Too many marketers are disconnected from what revenue actually is and how difficult it can really be to close deals. It’s not about something going wrong within the sales team, even though marketing has achieved their pipeline number. The best marketers right now, and in the future, will be those that have a deeper understanding of the sales process post-pipeline.
How do you close a deal, and how do you understand the nuances and complexities of closing B2B enterprise deals — these are the things that you as an effective marketing individual should learn. Learn about the sales process and how difficult it is to close revenue. Learn about the conversion metrics of that. Don’t just learn about MQL to SQL (marketing qualified leads to sales qualified leads) and marketing metrics. This is what will make you stand out when you have executive level conversations.
Creating and Using Content
What normally happens, is marketing pushes content to sales, thinking that if they push and aggregate content to the sales team, they are going to love it. Marketing then wonders why sales isn’t using that content to close deals. Marketing gives sales ebooks, blog posts, product comparisons, and so on, feeling like they’ve completed their job by producing content.
For sales people, content is helpful, but it doesn’t really move the needle for them. It creates noise in their already busy daily life. Sometimes sales doesn’t know what to do with the content, or how it should be used, or the specific context of how it’s going to move a deal forward. Content is overall, not very helpful to sales, even though there are good aspirations from marketing to make it helpful.
Content is important. Don’t think that sales doesn’t care about it. To create meaningful content, you need to frame all of your messaging around stories. This is how you communicate to sales reps and the sales VP how each piece of your content fits to a particular story that a salesperson can then relay to a prospect. If you build your content program all around the story or what the story means, sales will absorb that and will be more likely to use it.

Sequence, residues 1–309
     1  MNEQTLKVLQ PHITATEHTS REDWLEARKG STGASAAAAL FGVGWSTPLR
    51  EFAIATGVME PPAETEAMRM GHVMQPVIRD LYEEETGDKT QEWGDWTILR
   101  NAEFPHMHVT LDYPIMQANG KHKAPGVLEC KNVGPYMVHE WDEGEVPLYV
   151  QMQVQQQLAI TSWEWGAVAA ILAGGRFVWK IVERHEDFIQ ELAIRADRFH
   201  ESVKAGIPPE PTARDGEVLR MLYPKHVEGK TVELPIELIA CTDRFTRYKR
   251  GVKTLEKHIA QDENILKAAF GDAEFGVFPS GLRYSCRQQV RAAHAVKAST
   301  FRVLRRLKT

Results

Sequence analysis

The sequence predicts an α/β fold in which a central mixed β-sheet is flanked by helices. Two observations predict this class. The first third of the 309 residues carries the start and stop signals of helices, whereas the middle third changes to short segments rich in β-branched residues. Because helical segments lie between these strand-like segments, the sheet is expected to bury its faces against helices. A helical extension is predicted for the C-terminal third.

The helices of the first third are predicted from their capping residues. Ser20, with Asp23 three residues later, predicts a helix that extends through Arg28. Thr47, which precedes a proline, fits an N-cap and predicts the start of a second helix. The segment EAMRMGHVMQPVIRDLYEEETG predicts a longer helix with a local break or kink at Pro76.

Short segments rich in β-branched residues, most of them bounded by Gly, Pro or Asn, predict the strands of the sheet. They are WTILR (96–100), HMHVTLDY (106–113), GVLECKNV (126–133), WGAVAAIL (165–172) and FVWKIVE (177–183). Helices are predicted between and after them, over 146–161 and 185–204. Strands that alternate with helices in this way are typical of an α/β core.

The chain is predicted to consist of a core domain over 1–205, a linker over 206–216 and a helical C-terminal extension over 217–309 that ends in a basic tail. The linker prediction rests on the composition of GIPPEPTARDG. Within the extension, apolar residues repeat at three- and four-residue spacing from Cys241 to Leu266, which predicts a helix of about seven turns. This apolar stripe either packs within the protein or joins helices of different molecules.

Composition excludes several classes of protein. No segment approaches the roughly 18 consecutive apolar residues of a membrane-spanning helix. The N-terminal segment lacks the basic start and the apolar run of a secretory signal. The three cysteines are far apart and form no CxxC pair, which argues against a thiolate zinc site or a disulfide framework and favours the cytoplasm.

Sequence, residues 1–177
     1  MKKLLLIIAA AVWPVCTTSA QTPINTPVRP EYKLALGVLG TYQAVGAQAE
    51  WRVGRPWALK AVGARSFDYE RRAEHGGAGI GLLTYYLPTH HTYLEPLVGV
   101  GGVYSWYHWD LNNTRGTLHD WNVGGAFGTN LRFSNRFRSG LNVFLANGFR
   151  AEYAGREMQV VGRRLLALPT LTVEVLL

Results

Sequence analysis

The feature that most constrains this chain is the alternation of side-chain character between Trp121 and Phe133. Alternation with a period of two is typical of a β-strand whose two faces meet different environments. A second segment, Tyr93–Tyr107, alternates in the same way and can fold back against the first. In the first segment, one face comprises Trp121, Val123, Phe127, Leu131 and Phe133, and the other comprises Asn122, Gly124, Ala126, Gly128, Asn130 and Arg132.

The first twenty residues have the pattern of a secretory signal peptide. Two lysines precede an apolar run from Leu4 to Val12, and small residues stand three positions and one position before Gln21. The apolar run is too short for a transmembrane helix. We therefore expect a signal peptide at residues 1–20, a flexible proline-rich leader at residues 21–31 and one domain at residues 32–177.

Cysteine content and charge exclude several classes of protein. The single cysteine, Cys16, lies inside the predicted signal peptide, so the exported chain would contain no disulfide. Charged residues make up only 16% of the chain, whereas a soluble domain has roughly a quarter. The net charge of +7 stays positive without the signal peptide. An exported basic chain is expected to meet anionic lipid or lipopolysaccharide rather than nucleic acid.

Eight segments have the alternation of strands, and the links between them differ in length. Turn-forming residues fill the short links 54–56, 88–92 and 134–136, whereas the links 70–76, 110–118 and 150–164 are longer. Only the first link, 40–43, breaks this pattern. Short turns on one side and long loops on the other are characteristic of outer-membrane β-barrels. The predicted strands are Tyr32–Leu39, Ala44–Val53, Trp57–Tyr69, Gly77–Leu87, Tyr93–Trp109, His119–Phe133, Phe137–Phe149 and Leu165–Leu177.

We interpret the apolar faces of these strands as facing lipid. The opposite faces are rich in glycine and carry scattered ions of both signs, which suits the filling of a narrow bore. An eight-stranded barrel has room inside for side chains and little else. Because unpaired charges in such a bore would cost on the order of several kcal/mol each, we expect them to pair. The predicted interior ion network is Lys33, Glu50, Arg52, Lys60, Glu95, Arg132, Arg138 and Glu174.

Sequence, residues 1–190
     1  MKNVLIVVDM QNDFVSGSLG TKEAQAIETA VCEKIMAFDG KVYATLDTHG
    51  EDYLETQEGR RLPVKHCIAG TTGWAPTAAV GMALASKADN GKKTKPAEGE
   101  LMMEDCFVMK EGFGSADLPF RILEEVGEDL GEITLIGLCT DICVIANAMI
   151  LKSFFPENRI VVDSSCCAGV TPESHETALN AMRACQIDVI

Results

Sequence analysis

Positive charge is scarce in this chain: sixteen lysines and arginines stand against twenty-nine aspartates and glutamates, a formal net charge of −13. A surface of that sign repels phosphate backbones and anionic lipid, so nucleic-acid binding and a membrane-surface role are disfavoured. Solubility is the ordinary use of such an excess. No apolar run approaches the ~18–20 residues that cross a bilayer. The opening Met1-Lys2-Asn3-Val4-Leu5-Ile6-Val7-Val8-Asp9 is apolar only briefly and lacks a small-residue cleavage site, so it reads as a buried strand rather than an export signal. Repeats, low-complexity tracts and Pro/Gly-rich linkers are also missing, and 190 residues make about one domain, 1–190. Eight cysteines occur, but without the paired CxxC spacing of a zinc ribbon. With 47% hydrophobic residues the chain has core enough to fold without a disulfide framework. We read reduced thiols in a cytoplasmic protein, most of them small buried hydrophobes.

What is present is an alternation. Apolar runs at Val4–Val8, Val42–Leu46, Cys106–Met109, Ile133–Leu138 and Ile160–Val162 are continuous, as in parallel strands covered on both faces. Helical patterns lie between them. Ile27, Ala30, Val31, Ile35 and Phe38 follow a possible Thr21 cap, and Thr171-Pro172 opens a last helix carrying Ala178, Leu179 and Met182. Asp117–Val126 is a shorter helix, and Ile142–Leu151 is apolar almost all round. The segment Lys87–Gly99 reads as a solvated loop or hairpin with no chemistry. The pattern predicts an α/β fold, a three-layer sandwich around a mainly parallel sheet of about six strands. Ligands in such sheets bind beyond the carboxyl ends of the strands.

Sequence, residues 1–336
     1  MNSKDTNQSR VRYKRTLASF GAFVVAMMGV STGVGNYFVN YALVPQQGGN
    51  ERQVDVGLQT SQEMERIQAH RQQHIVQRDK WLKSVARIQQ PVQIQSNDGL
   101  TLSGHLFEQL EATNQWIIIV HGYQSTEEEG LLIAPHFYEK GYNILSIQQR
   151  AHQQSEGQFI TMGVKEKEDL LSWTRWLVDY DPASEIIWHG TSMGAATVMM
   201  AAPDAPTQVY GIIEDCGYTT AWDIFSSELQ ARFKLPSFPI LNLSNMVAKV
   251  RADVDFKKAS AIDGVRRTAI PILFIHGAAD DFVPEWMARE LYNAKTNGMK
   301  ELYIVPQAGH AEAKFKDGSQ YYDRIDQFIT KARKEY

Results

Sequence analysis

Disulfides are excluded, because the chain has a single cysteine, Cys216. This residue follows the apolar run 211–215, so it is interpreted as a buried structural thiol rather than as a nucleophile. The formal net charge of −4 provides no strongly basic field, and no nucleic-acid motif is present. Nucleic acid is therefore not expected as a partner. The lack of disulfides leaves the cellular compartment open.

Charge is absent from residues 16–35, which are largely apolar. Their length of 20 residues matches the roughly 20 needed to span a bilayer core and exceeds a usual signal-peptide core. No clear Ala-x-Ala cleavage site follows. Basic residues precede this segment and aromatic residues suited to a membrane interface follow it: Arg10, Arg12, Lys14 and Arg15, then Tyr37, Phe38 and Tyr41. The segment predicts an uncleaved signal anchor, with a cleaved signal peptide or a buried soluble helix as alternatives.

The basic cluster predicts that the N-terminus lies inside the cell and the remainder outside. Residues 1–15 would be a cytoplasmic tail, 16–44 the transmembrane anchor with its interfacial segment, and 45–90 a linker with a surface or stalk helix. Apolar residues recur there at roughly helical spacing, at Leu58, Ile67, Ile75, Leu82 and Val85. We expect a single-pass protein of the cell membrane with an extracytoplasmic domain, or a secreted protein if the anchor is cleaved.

Marketing Training Sales
You sell by thinking about what matters to the other person, and how you can help them do something better. Marketing knows about the sales funnel, they are producing content, so they can sometimes think they are the experts and know better than sales. We have to take a step back and understand the way sales people learn.
The most effective way that sales people learn is through peer-driven knowledge sharing — how to run deals, how to close deals, and what they’ve learned from losing a deal. We need to think about our marketing approach and training sales while keeping those three pillars in mind. This will make training far more effective, and you’ll get more of an outcome from these training sessions. Sales people will derive more purpose from this type of training, and this will leave them more motivated.
I’d love to continue this conversation if you want to dig a bit deeper. You can reach me at my website, www.edwinabl.com; I run a weekly newsletter and send out the top seven things I learn each week. You can also find me on Twitter @EdAbl.
At Hive Learning we work with sales organisations and help them with their learning and development at www.hiveLearning.com where we have “open hives” of learning groups that anyone can join for free, with expertise from leading authorities.